With Justice Gorsuch now on the Supreme Court bench, we were rather optimistic that the Court might pick-up where it left-off at the end of the 2016-17 term by agreeing to hear arguments in another major property rights case this year. But disappointingly, the Supreme Court denied certiorari in three important cases this week.
• Compensation for Business Losses?
We argued in Jarreau v. South Lafourche Levee District that the Court should clarify whether businesses are entitled just compensation for demonstrable business losses during eminent domain proceeding. We argued that courts violate the Just Compensation Clause in withholding compensation for concrete businesses losses. In denying certiorari the Supreme Court leaves the question open for another day; however, in the case at hand the small business landowner was severely undercompensated. Far from receiving the full and perfect equivalent of what was taken in eminent domain, Mr. Jarreau was left with only a fragment of the value of his property.
• Extortionate Permit Conditions?
In 616 Croft Ave., LLC v. City of West Hollywood, we argued that the Supreme Court should grant certiorari to make clear that the government is prohibited from imposing extortionate conditions requiring dedication of private property as a requirement for obtaining a building permit. While the Court has repeatedly held that these sorts of conditions must be reviewed under a heightened form of scrutiny, many courts hold that there is an exception for conditions imposed by legislative proscription. In these jurisdictions extortionate conditions will be struck-down only if imposed on an ad hoc basis (i.e., at the discretion of zoning officials), but will invariably be upheld if the government maintains that it is required by statute or ordinance to impose the same extortionate conditions. Meanwhile, other courts apply the same rigorous standard of review in striking down extortionate conditions—whether imposed by at the discretion of zoning officials or not. And the rift will continue unless and until the Supreme Court intervenes.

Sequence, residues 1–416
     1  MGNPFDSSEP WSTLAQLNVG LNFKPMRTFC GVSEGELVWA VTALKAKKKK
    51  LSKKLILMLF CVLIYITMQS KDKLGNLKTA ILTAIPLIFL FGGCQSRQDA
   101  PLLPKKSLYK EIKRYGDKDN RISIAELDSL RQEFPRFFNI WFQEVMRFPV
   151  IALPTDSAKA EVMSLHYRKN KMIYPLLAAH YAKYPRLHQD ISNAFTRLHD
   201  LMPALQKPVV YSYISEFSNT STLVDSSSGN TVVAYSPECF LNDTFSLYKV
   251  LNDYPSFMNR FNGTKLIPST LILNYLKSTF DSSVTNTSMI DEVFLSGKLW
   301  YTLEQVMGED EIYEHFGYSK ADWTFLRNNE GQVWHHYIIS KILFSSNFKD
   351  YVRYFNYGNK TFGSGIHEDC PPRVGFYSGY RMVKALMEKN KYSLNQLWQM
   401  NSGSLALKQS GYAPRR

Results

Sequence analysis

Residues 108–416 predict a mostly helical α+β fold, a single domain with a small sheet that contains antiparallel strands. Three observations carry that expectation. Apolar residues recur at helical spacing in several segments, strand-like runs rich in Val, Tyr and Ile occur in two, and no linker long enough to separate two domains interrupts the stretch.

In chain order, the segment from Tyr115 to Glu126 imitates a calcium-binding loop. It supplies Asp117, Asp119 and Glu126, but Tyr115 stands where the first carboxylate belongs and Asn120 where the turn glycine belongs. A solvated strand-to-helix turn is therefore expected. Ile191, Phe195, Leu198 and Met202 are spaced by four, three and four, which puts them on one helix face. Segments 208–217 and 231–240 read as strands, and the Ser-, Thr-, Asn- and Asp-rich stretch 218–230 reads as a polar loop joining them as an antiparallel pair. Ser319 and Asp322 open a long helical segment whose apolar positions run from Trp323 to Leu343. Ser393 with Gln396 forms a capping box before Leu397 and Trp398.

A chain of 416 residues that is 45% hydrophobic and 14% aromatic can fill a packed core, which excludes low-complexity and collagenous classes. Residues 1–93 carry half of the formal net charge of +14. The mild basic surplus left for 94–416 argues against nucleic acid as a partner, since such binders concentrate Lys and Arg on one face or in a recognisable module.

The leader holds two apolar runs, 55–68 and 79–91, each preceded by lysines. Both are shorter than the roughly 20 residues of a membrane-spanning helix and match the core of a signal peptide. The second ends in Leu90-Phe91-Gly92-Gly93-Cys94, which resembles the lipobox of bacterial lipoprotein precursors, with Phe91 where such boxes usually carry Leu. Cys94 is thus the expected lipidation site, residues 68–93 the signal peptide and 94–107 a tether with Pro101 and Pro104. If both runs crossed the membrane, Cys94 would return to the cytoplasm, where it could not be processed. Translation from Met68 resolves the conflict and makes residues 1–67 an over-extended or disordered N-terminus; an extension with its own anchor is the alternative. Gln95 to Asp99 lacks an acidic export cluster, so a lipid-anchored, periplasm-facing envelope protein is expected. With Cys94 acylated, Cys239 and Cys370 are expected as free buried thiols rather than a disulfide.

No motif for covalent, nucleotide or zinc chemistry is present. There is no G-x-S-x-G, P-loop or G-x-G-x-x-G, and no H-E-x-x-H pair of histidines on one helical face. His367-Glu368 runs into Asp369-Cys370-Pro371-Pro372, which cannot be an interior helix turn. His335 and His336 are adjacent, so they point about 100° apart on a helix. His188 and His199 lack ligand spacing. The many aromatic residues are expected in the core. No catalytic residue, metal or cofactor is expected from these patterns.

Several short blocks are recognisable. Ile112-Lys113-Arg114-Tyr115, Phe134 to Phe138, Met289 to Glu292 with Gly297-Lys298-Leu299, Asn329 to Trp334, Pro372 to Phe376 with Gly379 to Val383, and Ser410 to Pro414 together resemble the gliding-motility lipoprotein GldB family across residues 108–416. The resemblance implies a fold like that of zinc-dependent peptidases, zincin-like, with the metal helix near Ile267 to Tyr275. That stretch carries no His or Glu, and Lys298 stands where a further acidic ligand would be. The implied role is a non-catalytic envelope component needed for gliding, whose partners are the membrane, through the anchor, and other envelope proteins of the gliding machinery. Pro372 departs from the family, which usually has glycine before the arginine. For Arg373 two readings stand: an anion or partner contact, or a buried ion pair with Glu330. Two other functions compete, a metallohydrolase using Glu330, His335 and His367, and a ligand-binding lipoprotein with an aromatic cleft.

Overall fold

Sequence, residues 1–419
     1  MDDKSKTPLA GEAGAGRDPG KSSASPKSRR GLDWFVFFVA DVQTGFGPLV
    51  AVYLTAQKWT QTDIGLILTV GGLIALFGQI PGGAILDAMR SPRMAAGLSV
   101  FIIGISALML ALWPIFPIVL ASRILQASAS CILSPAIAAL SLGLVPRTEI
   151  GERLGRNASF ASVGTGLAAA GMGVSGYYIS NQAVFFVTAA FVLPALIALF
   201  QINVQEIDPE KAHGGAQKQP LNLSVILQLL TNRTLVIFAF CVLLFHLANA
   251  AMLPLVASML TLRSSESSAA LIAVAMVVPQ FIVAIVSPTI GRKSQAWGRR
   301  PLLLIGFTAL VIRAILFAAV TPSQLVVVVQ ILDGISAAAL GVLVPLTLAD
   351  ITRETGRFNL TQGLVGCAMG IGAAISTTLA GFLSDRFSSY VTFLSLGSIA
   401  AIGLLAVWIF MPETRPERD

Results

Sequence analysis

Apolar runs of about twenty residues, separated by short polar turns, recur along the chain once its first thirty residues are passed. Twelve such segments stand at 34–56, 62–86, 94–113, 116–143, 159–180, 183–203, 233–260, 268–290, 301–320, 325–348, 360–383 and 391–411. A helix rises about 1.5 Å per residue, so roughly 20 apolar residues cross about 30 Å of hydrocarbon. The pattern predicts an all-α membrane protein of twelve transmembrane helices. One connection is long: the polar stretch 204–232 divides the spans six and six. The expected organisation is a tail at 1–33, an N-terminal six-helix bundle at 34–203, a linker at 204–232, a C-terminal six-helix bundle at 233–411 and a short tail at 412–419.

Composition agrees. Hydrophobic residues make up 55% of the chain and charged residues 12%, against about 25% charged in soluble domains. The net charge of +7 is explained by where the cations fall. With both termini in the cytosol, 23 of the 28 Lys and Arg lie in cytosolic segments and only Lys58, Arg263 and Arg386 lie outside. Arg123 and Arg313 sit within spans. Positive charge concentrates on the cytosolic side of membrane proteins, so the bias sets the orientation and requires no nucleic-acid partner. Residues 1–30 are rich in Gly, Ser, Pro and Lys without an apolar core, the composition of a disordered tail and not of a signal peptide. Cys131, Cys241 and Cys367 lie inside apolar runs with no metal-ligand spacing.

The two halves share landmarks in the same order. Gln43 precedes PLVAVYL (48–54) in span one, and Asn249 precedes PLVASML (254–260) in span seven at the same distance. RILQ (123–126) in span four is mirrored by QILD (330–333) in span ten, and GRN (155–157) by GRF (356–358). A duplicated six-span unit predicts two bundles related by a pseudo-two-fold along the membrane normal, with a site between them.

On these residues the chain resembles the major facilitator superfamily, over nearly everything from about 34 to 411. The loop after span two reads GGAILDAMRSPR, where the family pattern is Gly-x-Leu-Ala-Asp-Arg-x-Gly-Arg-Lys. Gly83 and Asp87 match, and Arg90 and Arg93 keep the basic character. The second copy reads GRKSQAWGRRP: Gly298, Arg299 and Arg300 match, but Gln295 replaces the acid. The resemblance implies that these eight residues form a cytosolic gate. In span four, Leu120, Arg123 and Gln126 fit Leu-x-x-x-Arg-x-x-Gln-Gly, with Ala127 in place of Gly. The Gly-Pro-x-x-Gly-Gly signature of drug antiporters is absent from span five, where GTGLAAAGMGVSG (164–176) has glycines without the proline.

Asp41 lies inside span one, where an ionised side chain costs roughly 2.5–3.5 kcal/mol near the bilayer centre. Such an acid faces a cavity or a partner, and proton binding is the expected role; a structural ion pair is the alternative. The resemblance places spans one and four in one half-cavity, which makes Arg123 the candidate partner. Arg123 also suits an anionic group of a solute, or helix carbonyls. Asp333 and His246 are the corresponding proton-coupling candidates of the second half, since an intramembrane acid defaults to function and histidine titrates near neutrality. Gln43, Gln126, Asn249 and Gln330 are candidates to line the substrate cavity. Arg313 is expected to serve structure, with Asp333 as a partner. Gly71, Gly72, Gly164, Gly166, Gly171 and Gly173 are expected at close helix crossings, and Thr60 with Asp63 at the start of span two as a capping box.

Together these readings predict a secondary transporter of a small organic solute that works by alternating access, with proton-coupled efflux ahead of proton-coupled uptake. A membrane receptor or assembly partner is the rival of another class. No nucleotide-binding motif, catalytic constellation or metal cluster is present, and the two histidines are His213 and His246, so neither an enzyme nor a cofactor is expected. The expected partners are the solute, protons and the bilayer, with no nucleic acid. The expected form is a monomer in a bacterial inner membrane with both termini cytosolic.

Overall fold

• Locked Out of Federal Court?
A third vexing problem for small business landowners is that they are almost invariably relegated to state courts when invoking their Fifth Amendment property rights. Controversially, in 1986, the Supreme Court held property owners may not seek just compensation for the taking of their property in federal court until they have first sought compensation in state court. But the great irony is that one is necessarily barred from re-litigating the issue in federal court—which means that takings claimants are effectively locked out of federal court. And as we argued in our friend of the court brief in Wayside Church v. Van Buren County, that result is highly inappropriate because there should be a federal forum to vindicate all federally guaranteed rights. Of course, we will continue pressing the Supreme Court to revisit the issue and to open the federal court house doors for private property owners because access to federal courts is important to ensure consistency and basic fairness in takings cases.
We can only speculate as to why the Court was uninterested in hearing arguments in these cases. One potential explanation may be that the Court is somewhat squeamish about tackling another difficult property rights question in the immediate wake of Murr v. Wisconsin. But, this only underscores the fact that we have our work cut-out for us. In any event, this promises to be a blockbuster Supreme Court term—with or without a major property rights case in the mix. As outlined previously, NFIB Small Business Legal Center has weighed-in on a handful of vital cases this term.